The president also extended his condolences to Norway's people.
Addressing reporters after an Oval Office meeting with New Zealand's prime minister, Obama said he remembered how warmly Norwegians treated him when he traveled to Oslo to accept the Nobel Peace Prize in 2009.
He said "our hearts" go out to the Norwegian people. He also offered U.S. assistance with the investigation.
"It's a reminder that the entire international community has a stake in preventing this kind of terror from occurring," Obama said.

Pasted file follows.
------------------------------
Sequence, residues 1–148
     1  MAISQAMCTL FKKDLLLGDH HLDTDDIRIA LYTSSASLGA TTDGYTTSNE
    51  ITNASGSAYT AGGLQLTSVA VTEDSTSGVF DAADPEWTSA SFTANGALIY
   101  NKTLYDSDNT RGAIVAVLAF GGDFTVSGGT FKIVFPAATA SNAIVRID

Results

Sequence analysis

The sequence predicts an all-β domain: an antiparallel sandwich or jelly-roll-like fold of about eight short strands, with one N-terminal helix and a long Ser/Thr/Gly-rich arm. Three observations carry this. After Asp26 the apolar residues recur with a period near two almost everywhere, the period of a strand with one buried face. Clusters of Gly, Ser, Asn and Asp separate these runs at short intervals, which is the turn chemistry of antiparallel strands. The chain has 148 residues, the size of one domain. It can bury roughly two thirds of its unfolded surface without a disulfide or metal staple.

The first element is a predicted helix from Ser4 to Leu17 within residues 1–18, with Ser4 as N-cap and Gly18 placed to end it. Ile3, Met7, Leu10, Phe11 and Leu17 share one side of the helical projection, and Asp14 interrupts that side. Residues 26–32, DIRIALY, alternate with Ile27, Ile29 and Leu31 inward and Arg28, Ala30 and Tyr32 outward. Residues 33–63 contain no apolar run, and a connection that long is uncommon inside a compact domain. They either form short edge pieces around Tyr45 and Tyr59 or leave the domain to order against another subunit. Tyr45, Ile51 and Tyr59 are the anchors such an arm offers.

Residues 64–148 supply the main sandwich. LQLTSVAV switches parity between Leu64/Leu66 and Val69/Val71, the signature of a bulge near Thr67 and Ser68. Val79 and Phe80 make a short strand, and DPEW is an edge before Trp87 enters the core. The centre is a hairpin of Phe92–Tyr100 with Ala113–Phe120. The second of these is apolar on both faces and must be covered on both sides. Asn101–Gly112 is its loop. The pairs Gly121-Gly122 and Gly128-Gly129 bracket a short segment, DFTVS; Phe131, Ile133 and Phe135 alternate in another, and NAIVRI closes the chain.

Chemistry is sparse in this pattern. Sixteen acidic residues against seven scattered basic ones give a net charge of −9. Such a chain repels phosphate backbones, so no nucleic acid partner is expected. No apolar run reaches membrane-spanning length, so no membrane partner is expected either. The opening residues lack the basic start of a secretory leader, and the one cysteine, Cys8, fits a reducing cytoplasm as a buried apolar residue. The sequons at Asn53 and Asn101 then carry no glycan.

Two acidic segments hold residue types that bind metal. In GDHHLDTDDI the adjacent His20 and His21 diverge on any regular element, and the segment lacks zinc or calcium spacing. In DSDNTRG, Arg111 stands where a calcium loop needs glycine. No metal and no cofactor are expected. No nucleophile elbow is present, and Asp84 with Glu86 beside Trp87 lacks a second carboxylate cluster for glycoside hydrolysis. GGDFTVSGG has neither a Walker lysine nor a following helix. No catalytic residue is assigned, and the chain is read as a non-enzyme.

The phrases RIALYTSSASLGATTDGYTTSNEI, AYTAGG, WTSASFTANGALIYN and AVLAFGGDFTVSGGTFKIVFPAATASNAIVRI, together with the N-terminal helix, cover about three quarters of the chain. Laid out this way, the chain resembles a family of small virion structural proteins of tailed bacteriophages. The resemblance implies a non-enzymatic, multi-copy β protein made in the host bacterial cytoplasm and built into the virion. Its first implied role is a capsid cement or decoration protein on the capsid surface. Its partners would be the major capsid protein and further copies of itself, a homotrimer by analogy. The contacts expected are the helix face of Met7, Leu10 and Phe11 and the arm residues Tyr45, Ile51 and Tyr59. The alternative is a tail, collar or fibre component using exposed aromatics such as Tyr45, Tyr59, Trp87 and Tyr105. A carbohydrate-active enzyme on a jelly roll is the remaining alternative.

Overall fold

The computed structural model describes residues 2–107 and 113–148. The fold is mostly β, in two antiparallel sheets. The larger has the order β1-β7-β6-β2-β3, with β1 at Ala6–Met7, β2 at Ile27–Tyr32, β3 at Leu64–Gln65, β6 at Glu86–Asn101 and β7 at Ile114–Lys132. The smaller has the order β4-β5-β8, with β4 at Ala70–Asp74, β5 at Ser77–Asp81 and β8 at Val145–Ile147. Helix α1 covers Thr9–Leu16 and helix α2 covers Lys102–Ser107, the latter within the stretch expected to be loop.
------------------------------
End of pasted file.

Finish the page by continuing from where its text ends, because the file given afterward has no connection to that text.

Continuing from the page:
Norwegian authorities say the blast ripped open buildings, including the prime minister's office, and was followed by a shooting at a youth camp.
It was the peaceful nation's worst violence since World War II.
Norwegian Prime Minister Jens Stoltenberg was working at home at the time.
Later Friday, a man dressed as a police officer opened fire at a youth camp near the capital. Police had a suspect in custody in the shootings and say they believe the incidents are linked.
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